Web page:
Stockholm’s congestion charge scheme has proved remarkably effective at suppressing traffic levels and encouraging a shift to other modes of transport in the 20 plus years since its launch. After initially facing widespread public opposition, it now has majority support, even among those who regularly pay the charge. One of the scheme’s architects, Director of the Stockholm City Transport Administration Jonas Eliasson, vividly recalls the uproar around its launch in 2006: “It was the most hated political reform in Sweden’s history.”
But there were also calls to address worsening traffic problems. The topography of Sweden’s capital meant it suffered more serious congestion than other European cities with populations of around two million. This is chiefly due to Stockholm being surrounded by water; roads traverse 14 islands in the city via Medieval bridges.
It was a political deal that paved the way for congestion charging in Stockholm. The Green Party agreed to support the Social Democrats’ minority government on the condition they ran a trial.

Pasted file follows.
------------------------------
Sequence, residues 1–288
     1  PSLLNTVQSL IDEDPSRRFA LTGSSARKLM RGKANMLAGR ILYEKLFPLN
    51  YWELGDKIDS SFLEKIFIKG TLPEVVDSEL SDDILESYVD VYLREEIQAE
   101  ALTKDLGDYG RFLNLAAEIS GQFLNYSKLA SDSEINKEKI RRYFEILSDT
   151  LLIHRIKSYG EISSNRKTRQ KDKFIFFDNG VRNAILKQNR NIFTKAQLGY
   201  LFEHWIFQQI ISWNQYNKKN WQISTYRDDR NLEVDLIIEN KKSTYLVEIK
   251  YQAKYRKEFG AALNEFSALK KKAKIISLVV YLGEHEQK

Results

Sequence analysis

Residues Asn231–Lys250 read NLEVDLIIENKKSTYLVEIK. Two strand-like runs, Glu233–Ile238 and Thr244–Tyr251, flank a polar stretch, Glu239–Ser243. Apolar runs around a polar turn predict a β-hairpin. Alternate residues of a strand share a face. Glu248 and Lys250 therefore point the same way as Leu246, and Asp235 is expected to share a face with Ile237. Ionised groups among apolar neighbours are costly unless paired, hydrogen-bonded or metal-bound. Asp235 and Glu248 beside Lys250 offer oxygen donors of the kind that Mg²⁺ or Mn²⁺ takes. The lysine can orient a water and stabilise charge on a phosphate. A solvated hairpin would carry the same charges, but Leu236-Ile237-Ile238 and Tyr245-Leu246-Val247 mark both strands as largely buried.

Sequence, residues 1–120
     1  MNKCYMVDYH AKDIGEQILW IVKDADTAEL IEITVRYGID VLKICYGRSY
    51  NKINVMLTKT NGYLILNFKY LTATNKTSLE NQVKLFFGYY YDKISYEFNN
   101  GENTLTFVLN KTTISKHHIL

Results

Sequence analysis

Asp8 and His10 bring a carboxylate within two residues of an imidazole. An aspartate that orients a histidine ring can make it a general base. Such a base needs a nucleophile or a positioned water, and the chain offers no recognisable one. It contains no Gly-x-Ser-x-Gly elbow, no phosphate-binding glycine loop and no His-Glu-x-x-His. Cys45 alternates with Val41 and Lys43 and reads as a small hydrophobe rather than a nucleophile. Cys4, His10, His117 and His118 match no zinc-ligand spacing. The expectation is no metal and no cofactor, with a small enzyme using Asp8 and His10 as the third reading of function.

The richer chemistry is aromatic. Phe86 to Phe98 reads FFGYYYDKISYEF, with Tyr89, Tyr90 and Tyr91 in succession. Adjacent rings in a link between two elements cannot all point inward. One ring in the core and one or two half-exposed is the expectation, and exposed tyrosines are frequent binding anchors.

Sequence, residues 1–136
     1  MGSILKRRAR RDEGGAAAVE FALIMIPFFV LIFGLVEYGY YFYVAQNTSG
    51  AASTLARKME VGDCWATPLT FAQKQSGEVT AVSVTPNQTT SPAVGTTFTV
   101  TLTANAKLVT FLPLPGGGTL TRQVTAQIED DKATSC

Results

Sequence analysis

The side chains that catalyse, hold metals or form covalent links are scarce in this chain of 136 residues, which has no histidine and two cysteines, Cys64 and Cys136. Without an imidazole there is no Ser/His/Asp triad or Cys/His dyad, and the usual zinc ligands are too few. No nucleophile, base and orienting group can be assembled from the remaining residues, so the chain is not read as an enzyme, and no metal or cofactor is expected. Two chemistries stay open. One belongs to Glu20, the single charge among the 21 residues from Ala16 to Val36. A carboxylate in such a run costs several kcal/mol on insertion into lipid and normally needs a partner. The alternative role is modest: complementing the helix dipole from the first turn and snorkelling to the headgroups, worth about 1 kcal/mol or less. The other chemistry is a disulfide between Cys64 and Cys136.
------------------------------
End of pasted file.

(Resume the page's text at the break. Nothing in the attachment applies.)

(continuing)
Jonas Eliasson was at the heart of preparations for the new scheme. “I was probably the only person in Sweden at that time with a PhD in congestion pricing. The authorities must have Googled my name,” he quips. Eliasson had researched London’s congestion charge scheme, which was introduced in 2003, but he felt the Stockholm system should be run differently. Significantly, Stockholm’s scheme spans the whole city centre, unlike London’s scheme, which covers a smaller area.
There is another key difference between the London and Stockholm congestion charge systems. “In London it is the responsibility of the driver to pay the correct sum, and the system merely checks that vehicles passing through the charging zone have paid. In Stockholm, the system automatically issues the charge once it has registered a vehicle. If the vehicle is not identified, there is no need to pay.”
Stockholm’s trial started in January 2006 and ran for seven months. The system, which initially used transponders to monitor vehicle movements, consists of 18 charging points on arterials into the inner city, forming an inner city cordon.